Many schools in Connecticut delayed opening their doors last week thanks to Tropical Storm Irene. But students at Capital Preparatory Magnet School in Hartford have been in school since last July. And the school’s principal says he’ll be working harder to improve academic outcomes.
Capital Prep opened four years ago and has managed to keep kids in school in Hartford, a city that struggles with high dropout rates. Founder Steve Perry is the principal, a contributor to CNN and a book author. He’s attracted national attention for his high expectations and tough love approach to education – and says 100% of graduates go on to four-year colleges. But only 15.6 percent of 10th graders at Capital Prep scored at or above goal in reading on the Connecticut Academic Performance Test last school year.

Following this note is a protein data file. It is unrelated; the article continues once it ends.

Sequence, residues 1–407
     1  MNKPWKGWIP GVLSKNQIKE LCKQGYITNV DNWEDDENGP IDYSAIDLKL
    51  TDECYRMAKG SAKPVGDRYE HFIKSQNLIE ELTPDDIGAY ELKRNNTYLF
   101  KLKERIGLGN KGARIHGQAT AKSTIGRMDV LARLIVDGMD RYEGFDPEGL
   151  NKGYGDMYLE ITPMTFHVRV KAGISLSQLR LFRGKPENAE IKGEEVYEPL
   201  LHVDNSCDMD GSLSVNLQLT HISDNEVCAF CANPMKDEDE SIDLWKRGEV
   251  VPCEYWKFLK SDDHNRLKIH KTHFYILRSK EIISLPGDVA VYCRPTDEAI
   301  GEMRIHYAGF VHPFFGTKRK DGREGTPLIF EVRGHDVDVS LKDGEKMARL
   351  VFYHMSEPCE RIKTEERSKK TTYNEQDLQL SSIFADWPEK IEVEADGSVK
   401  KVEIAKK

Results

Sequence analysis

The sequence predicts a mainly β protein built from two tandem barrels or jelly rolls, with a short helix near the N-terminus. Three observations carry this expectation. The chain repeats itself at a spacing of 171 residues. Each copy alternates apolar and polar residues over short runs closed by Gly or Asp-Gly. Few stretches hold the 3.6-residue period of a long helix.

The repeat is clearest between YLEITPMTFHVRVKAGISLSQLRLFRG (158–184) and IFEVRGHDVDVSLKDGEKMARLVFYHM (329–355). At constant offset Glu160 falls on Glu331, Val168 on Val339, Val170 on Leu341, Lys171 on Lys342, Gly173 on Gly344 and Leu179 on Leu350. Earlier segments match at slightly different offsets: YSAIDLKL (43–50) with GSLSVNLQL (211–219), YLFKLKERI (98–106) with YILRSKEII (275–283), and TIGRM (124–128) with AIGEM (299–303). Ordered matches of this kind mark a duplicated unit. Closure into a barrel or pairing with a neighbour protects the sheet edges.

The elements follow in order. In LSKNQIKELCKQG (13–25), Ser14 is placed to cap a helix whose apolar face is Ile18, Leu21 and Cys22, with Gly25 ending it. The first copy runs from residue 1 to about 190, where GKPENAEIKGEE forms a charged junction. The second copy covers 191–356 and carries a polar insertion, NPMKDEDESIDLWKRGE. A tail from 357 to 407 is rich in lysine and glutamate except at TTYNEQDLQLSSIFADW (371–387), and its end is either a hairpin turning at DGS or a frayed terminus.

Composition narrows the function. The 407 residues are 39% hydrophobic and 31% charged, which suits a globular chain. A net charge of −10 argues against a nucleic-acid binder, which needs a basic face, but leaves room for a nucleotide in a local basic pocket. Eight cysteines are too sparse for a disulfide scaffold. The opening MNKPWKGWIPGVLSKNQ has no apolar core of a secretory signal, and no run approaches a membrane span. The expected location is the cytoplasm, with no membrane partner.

Speaking on WNPR’s Where We Live, Perry says the problem centered on a less-experienced English teacher who required better administrative guidance. "This shows how important teachers are. There was a teacher that we had who taught 10th grade English. She went to another school...When she left we brought in a new teacher and I didn’t do a good enough job as her principal in preparing her in the same way the other teacher was prepared."
Capital Prep has nearly doubled its faculty, with many brand new teachers. "When we had a small crew that helped us start the school, they didn’t need as much attention. Now when you have six and seven teachers who are 21 years old, fresh out of college, you have to do your job better."
Perry’s message and ideas are not without controversy. In addition to strict discipline, uniforms, longer school day and school year, Perry is an outspoken supporter of choice in education, including school vouchers.